Viscount Boulevardier

The sun streamed through my ecru cord curtains. I never open them, for security reasons, and it was therefore important to have a somewhat transparent material to interpret the weather before leaving the sanctity of my duvet.

Michael wasn’t impressed with my never-opened window covers, or lack of nets for that matter. I’d object to his flinging open the drapes and revealing my inner sanctum to pedestrians. Our dis-harmony with the bedroom screens wasn’t relevant today as I drifted alone, in and out of the blissful state of neither sleep nor wakefulness.

The Teasmade, incidentally my favourite purchase of the year, started to whirr, the water was boiling. I waited for the whoosh as the liquid transferred to the expectant teapot. With my eyes still closed I knew it was just before 9am and extended my legs the length of my divan and tightened the muscles to stretch.

It would be blissful if every morning contained this level of luxuriating.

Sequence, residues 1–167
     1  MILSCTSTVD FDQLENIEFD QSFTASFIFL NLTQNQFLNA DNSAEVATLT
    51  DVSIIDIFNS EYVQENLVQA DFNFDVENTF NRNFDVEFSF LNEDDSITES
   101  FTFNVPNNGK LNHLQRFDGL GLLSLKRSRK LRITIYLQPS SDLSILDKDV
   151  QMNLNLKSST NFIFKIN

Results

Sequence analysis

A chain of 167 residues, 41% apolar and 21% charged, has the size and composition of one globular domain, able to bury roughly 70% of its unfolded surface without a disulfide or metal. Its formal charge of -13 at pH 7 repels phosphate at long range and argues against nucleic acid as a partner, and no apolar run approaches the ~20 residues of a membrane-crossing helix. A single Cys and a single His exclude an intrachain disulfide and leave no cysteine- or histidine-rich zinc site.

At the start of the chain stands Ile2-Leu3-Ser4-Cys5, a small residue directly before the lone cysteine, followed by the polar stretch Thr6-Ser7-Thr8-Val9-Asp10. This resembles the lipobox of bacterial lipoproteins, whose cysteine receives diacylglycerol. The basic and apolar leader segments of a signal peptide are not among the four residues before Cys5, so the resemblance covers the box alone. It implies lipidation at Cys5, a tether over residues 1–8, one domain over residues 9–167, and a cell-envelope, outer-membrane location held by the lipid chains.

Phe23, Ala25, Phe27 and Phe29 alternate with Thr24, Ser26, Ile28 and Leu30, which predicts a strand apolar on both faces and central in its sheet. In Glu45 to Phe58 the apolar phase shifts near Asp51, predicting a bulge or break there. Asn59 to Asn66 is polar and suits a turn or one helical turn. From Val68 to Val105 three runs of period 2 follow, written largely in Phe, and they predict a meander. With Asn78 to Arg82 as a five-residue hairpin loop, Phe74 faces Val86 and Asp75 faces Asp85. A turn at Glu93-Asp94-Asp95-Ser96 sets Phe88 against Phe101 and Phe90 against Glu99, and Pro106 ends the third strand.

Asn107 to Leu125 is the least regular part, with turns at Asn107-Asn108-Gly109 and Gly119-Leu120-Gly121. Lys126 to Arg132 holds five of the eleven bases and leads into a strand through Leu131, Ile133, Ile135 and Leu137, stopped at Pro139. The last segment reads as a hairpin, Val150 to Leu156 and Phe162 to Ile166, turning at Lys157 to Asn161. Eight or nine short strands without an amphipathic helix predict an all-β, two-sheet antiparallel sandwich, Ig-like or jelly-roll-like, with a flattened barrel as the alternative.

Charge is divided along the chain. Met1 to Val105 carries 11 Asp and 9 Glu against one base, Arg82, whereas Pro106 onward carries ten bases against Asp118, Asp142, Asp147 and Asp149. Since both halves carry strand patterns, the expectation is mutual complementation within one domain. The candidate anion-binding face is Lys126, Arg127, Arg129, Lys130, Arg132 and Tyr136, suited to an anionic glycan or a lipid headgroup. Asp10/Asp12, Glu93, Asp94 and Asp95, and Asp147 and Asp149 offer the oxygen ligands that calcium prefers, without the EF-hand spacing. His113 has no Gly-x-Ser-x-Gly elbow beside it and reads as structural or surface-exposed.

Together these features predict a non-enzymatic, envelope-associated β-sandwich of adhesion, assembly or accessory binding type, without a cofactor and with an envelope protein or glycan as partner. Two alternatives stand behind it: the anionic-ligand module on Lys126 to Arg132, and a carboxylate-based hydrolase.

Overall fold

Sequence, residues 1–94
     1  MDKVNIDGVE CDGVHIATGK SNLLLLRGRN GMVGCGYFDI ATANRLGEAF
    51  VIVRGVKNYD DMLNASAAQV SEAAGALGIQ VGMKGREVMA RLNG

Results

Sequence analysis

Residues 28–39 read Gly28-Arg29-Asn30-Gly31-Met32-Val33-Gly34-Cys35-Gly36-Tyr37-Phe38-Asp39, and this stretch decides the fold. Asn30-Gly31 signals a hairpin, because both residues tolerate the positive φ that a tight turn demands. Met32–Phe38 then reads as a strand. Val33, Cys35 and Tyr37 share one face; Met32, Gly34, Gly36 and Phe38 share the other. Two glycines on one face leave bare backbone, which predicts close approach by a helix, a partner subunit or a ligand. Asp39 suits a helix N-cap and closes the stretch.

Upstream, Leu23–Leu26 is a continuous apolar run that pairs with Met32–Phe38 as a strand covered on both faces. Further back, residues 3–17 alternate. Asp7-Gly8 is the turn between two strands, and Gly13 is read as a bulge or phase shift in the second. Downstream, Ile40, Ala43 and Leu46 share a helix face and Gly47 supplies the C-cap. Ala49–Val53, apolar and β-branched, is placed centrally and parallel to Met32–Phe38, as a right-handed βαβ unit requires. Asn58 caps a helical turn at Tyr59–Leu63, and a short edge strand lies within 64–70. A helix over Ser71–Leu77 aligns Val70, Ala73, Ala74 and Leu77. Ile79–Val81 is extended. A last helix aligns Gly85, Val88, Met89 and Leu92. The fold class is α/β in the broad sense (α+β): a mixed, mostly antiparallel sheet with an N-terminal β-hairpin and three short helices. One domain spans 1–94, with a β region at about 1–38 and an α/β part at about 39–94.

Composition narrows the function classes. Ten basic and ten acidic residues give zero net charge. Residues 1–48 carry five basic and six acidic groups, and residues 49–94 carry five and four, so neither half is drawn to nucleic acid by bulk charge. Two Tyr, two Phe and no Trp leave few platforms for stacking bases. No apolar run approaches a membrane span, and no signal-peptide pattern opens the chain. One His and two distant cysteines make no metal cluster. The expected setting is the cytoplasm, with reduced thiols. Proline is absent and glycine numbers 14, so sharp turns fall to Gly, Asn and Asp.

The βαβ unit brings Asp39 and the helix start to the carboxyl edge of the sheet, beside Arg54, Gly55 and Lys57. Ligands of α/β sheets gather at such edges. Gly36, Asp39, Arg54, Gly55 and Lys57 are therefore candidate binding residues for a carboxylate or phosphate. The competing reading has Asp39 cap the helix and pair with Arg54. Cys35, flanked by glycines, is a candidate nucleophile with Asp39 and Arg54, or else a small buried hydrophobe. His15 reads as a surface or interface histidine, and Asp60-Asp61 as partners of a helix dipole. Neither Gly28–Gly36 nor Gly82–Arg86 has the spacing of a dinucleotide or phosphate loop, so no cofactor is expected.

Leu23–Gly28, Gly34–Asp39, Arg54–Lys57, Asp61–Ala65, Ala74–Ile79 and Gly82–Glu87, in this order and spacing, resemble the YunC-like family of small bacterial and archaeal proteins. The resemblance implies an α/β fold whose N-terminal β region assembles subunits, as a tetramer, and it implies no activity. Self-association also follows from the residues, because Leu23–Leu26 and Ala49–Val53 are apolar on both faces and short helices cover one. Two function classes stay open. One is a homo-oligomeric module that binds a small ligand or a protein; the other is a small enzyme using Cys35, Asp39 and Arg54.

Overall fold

I imagined myself a resident of a large stately home – Gosford Park would suffice. The chamber maids would have already attended to either light a fire or open the windows, dependent upon the season. I’d have ordered a tray rather than descend for breakfast and feasted on boiled eggs with toast, rather than soldiers, and homemade marmalade before my valet arrived to help me wash, select appropriate day attire, dress and coiffeur…

My semi-conscious dream was invaded by an electronic sound – the phone. Who would call before a morning tea?


‘Morning Boulevardier, are you up yet?’

‘Yes of course,’ I lied.